I mentioned Reddit in my digital engagement update last week. Reddit is literally the worst designed, most awesome social network on the web today. Seriously, it looks like something that I designed when I was an undergrad learning HTML in a random design class back in forever-ago.
However, Reddit is special. It's made up of the best, the worst, and the oh-so-super niche...and that's what makes it wonderfully valuable for higher education marketers, communicators, admissions pros, and a whole host of other functional areas. Reddit is for listening, learning, and cultivating.
According to Wikipedia (you know you use it on a daily basis, don't be a snob), Reddit is the 5th most visited website in the United States and is 13th for the entire world. In other words, it's a dynamic phenomenon that doesn't get nearly enough attention.
Campus Sonar is 100% dedicated to social listening...and Reddit provides plenty of meaningful intelligence for higher education.
Some of the highlight's from Liz's tweet thread from Stephen's presentation include:
- “The /applyingtocollege subreddit has 104,000+ members! 40,000 members are in the /gradadmissions subreddit.
- Enrollment marketers, you might be excited....so you want to get on Reddit and start promoting yourself. DON'T DO THAT.”
- “Introduce yourself to a moderator first so you follow the rules of engagement.”
- “When students announce to the internet that they're struggling with a decision on a timeline and know what they need to consider.....campuses need to be listening.”
- “Dip your toes in, FOR FREE. Search for the name of your institution on Reddit. Think about nicknames. You may find a subreddit, you may not. If you're location-specific, look for subreddits related to your geography.”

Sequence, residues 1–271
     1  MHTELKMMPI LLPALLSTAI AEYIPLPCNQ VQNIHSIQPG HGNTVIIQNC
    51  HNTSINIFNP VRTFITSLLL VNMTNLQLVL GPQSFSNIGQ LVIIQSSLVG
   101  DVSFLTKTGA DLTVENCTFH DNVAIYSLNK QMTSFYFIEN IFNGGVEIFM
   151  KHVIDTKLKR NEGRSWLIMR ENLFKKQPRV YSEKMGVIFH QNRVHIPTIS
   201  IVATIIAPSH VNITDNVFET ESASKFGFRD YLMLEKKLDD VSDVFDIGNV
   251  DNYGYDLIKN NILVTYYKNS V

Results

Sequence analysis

Stephen's entire presentation (thanks to Liz for sharing) is a masterpiece / homage to Reddit for anyone who works in higher education:
And, this is one of the reasons why I love the web (community, connection, and creativity), so I have to close this post with a shout-out to an awesome blog post by Joel Goodman of Bravery Media (that was inspired by a tweet from Stephen about Reddit).
Stephen shared, by way of Reddit, about how unhappy prospective students are with university websites:
Joel's follow-up blog provides 3 simple, actionable ideas for how to improve the student experience:
- Make essential content easy to find
- Make your website's content accessible for all users
- Get rid of black holes (digital journeys that lead to nowhere)
Thanks for reading...and thanks to Campus Sonar, Liz Gross, Stephen App, and Joel Goodman for providing insights that matter.
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